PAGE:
Special Edition of #LunchBreakLIVE today from the State of Maine featuring Winterberry Farm‘s fresh picked certified organic fruit and vegetables. Join Lisa Karlan to see her culinary interpretation of a Native Americans‘ Three Sisters meal created with this bounty of beautiful fresh food from this certified organic farm in Central Maine.
As Lisa explains, this was how the Native Americans used to eat, including the Navajo Indians. They ate squash, beans, and corn. These plants comprised of the tribe’s main crops traditionally. Planting crops like these helped many agrarian Native American tribes to thrive on plant-based diets. Lisa went ahead and skipped planting the crops herself and the wait by going to Trader Joe’s grocery store to buy the black beans and getting the rest from the Winterberry Farm, which is a great local organic farm.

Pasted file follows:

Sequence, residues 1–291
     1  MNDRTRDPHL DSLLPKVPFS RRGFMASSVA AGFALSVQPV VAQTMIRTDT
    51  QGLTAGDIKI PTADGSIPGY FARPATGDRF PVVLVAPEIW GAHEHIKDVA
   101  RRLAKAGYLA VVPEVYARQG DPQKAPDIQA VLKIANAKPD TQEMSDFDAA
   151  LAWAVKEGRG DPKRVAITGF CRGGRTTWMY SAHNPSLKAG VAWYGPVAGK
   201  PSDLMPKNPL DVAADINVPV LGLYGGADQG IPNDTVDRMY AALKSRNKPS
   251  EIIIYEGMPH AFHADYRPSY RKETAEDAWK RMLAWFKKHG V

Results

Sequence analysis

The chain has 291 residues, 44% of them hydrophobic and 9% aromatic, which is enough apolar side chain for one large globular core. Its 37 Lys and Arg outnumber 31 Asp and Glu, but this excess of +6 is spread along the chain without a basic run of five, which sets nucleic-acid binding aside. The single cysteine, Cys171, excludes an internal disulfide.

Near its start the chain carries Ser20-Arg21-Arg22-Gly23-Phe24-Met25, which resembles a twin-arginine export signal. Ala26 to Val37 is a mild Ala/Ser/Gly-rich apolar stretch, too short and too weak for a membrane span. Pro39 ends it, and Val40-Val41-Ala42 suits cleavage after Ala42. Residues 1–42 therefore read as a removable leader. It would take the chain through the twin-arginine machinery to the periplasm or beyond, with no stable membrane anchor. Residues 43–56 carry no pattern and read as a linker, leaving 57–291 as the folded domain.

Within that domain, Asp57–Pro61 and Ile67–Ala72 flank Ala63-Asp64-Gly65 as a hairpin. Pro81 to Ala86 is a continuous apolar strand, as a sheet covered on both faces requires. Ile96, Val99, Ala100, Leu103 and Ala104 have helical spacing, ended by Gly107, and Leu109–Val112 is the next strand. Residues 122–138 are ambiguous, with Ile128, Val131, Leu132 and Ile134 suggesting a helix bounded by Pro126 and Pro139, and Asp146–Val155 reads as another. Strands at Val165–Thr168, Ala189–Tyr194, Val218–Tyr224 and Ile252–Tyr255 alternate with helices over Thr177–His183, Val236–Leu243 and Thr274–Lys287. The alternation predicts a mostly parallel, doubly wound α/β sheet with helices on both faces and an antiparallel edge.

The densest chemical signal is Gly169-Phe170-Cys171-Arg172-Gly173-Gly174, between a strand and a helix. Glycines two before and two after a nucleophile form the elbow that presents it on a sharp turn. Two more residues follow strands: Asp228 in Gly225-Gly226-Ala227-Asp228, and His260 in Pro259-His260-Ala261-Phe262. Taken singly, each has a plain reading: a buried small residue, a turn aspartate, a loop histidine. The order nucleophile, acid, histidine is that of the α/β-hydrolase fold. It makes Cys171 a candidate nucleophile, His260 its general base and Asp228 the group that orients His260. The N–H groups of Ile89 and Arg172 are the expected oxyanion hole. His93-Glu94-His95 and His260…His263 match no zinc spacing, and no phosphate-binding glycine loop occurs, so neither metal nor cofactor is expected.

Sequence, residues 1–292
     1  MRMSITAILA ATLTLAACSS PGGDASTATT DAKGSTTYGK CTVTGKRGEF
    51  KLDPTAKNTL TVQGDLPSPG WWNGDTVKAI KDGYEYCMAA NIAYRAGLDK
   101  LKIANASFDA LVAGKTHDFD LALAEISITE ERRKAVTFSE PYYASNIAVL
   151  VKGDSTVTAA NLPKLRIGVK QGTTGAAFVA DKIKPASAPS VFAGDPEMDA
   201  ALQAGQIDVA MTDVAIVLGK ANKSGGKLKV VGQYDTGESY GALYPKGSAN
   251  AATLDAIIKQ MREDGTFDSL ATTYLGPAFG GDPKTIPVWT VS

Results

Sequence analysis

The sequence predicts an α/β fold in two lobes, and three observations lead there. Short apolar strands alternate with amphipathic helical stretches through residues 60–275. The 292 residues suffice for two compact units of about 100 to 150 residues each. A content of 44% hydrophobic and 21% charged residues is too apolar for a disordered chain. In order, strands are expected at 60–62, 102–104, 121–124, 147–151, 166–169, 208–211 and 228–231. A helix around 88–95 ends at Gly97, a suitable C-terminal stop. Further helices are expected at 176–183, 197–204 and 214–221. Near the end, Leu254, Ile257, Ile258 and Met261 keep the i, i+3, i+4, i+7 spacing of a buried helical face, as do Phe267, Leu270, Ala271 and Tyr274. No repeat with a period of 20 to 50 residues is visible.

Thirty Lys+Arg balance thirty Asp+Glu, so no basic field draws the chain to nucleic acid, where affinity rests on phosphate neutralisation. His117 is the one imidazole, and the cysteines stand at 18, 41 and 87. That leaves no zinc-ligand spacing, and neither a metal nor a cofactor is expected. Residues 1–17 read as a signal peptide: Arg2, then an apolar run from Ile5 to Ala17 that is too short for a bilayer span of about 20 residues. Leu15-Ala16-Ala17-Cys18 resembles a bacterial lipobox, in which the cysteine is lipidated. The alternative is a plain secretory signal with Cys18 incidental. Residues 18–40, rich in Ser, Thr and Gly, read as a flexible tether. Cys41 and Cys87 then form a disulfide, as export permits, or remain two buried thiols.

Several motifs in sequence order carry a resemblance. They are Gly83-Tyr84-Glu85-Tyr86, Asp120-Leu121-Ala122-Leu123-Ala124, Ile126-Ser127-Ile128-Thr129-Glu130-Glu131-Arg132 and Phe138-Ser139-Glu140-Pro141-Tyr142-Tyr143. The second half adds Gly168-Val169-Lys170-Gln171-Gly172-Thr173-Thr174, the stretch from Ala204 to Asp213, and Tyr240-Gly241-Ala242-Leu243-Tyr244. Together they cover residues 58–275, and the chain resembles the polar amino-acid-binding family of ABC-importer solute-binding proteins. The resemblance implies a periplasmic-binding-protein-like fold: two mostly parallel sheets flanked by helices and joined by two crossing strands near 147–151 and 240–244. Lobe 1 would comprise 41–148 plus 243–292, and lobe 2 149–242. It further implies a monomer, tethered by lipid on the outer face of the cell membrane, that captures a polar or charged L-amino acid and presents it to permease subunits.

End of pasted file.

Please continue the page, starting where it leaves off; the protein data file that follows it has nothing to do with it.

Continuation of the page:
The preparation is very simple and involves cooking all whole foods. Caramelized delicata squash, eggplant (optional), corn, and beans makes for a delicious fresh succotash inspired by an ancient dietary style that sustained generation after generation of Native American people.
A great tip from Lisa is to wash the beans, pick out the messed up ones, soak the beans overnight for about 8 hours and wash away the soaking water. By doing this you get rid of the enzyme inhibiting carbohydrate coating that is responsible for flatulence (aka gas). Shhhhh! But that’s not all, Lisa also explains that roasting and crushing garlic cloves when you cook with them releases the garlic’s allicin, which is responsible for garlic’s medicinal properties, making it more beneficial for you. Wow what great tips!
Thank you for taping the show Dora, Lisa’s best friend, and for opening your “camp” to let us enjoy learning about making this vegan Three Sisters salad. Enjoy the Three Sisters salad, gorgeous lakeside view of Clearwater Lake for us, Lisa!
Jane Velez-Mitchell is nationally known TV journalist and best-selling author. Winner of four Genesis awards from the Humane Society of the United States, Jane Velez-Mitchell covers crimes against people, animals, and the environment. She is known for speaking up for the voiceless!